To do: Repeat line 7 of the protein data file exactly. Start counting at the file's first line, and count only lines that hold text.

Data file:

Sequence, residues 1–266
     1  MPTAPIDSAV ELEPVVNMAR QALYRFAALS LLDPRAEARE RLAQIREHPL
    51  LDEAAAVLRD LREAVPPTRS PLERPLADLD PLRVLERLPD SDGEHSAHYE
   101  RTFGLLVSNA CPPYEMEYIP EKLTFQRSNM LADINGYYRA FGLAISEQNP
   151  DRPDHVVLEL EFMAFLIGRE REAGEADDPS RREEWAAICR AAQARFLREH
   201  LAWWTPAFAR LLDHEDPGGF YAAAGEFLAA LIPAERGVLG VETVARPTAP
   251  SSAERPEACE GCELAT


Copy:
   251  SSAERPEACE GCELAT